Saturday, February 04, 2006

Memories of old Bollywood

Khalid Hasan in the Friday Times remembers Nargis, the great Indian actress of the 40's and 50's (full article behind Friday Times' subscription firewall). Khalid Hasan's reminiscenses about film, music, poetry and South Asian personalities and institutions are unfailingly interesting. In a culture where the genre of memoir is so impoverished, his articles are a worthy effort at preserving the memory of many bhoole bisre log.

Some excerpts:

Sunil Dutt buried her, as she had willed, next to her mother Jaddan Bai in Bombay. Her grave bears the name she was given at birth: Kaniz Fatima. Her great friend in Bombay, Qurratulain Hyder, wrote to me after Nargis died: “Yes, Nargis has left us all immeasurably sad. She was a part of the time of our growing up, a time that is itself now mythological. Her old movies, when one watches them on television now, look quite amateurish, but how romantic they seemed then! She moved ahead in life with tremendous grace and dignity. And when she died, she died as a major national figure. She was a fascinating woman who had no hang-ups about her mother’s origins. In fact, the last time she met me, I recall her telling me that her mother was such an independent woman that once when the Nawab of Rampur, who was celebrating his birthday, asked her to dance on a takht-e-rawaan , a platform that moves with a ceremonial procession, she refused. She was a great admirer of her mother and it was her desire that she should lie next to her and among those who stood silently praying as she was being lowered to earth was Sunil Dutt.”

Sunil Dutt, who came from Jhelum, died last year.

Saadat Hasan Manto, recalling his meeting with Nargis in 1946, writes: “There was something very playful and innocent about her. She would blow her nose every few minutes as if she suffered from a permanent cold. This was captured in Barsaat as one of her endearing traits.” He also writes about the two younger sisters of his wife Safia, who while on a visit to Bombay, befriended Nargis. One of the sisters is Zakia, the late Hamid Jalal’s wife and Shahid and Ayesha Jalal’s mother. I asked Zakia Jalal some years ago what she remembered of Nargis. This is what she wrote back: “You have asked me about our meetings with Nargis. I can only tell you that when we saw her first picture Taqdeer, my sister Rafia and I just fell in love with her. The public reaction was that she would not make it to the top because of her looks. People said that she had a long face. Anyway, we sisters were dying to talk to her. We dared not ask Bhai Saadat to get her telephone number for us. We asked Agha Khalish Kaashmiri for it and he got it for us. We called her and we just clicked. We told her that it was difficult for us to visit her, so it would be nice if she could come. She agreed and the very next day, she came to Safia Apa’s house with her mother Jaddan Bai. There was nothing more exciting for us, but that very day, Bhai Saadat decided to come home early. We were terrified but he was very nice to Jaddan Bai and they got along very well.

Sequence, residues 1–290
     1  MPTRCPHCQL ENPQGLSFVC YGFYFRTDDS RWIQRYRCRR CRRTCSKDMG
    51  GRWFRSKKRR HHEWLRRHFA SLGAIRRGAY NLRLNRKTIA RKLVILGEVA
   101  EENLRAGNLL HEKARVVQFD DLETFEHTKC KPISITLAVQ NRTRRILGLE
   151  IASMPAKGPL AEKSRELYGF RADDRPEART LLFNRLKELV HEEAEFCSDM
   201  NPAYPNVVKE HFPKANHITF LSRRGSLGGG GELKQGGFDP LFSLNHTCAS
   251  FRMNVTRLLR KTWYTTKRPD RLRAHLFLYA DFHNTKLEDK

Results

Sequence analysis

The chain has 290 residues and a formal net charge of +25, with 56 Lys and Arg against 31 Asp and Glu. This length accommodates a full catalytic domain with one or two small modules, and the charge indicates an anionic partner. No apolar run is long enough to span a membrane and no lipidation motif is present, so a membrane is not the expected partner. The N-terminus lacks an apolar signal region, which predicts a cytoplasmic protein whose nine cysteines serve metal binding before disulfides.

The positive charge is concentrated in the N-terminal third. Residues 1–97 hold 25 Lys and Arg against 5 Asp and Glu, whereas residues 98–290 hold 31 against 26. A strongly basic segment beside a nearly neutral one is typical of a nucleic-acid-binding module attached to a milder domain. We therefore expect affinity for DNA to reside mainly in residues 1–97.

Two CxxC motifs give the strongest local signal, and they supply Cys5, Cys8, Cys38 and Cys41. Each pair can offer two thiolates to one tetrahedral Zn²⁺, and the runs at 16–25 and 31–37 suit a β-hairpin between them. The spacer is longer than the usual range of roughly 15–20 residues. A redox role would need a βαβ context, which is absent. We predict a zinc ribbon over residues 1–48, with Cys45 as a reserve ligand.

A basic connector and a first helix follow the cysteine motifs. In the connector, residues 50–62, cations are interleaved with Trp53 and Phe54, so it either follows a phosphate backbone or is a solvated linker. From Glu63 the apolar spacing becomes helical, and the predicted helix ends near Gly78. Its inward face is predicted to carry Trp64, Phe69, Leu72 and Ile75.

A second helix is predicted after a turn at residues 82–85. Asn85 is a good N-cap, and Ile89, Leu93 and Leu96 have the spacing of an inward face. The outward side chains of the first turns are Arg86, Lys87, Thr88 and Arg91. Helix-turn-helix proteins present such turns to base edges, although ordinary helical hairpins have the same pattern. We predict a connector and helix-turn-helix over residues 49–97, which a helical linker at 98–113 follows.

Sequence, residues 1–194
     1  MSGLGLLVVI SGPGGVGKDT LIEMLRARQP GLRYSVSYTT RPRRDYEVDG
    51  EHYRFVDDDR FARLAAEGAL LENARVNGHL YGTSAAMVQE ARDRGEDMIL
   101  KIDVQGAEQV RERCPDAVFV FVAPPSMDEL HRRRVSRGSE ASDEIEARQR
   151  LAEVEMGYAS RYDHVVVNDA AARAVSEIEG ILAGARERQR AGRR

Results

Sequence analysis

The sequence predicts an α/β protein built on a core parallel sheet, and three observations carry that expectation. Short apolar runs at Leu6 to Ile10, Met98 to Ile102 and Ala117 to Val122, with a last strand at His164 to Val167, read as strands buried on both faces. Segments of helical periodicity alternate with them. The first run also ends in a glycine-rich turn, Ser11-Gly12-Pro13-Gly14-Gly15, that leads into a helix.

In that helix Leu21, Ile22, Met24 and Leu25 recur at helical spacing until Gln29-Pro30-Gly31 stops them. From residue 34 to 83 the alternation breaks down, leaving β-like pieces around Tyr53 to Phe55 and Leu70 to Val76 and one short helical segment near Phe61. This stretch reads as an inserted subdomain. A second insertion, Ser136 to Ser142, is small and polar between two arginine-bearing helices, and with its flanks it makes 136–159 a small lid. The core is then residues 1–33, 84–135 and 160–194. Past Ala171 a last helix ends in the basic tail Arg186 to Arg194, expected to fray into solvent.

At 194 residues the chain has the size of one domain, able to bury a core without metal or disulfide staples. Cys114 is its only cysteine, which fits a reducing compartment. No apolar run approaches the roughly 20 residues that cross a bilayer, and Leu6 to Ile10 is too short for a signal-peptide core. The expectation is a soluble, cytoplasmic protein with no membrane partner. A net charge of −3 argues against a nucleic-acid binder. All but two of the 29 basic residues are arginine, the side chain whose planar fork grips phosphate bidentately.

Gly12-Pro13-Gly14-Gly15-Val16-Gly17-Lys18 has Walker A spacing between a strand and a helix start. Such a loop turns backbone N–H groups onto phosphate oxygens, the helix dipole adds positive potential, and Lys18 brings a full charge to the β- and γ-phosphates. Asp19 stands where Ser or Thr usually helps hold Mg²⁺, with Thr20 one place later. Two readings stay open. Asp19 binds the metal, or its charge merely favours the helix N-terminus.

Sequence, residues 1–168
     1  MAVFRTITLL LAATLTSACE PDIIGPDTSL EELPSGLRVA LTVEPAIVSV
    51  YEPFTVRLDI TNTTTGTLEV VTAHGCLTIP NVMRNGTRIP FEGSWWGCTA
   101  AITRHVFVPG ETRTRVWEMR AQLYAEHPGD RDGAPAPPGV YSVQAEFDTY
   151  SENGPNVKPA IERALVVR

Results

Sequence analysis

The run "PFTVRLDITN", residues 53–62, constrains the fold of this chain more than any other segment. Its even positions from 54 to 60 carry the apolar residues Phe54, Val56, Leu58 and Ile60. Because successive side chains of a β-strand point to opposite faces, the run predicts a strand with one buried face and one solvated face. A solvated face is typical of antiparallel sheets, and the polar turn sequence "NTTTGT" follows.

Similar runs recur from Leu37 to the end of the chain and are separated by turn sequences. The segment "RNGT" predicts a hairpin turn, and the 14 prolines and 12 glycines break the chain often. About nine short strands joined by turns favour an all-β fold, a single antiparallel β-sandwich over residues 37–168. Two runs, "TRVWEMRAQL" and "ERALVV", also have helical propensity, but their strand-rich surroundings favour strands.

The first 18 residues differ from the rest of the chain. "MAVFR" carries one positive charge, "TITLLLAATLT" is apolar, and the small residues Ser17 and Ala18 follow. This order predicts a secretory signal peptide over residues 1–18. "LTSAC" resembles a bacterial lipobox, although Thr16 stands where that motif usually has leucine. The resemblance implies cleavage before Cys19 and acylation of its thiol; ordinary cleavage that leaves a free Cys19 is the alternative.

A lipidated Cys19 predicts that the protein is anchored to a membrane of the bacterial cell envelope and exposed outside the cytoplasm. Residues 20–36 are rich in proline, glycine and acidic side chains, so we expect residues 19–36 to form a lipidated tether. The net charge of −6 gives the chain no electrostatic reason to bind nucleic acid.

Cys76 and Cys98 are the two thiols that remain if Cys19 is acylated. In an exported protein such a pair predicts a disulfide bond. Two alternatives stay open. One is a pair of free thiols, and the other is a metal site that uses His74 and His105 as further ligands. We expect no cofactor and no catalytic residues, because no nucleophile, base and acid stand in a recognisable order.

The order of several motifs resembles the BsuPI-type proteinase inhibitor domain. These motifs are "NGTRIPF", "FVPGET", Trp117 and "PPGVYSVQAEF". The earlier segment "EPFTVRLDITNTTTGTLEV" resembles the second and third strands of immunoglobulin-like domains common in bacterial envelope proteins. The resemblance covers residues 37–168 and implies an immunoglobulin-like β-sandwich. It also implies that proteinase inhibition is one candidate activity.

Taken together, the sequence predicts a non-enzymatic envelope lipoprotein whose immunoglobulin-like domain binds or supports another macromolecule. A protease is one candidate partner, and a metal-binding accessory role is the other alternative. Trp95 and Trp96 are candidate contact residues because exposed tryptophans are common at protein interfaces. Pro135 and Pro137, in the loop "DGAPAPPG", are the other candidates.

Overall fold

1 comment:

Zakintosh said...

Here's a story you might enjoy. Nargis recounted it for 'Screen', the Bombay "Variety" equivalent. Jaddan Bai invited a few people over for tea, including Majaaz Lakhnavi, then the heart-throb of all young females. 14-year-old Nargis tried unsuccessfully to attract his attention throughout the evening - in a not too subtle manner, by her own admission - but Majaaz seemed too busy drinking. Just as he was leaving, she asked for his autograph; and this is what he wrote:

Saaqi, teray altaaf ka mamnoon hooñ laykin ...
Paemaané meñ jo küchh haé meray zarf sé kam haé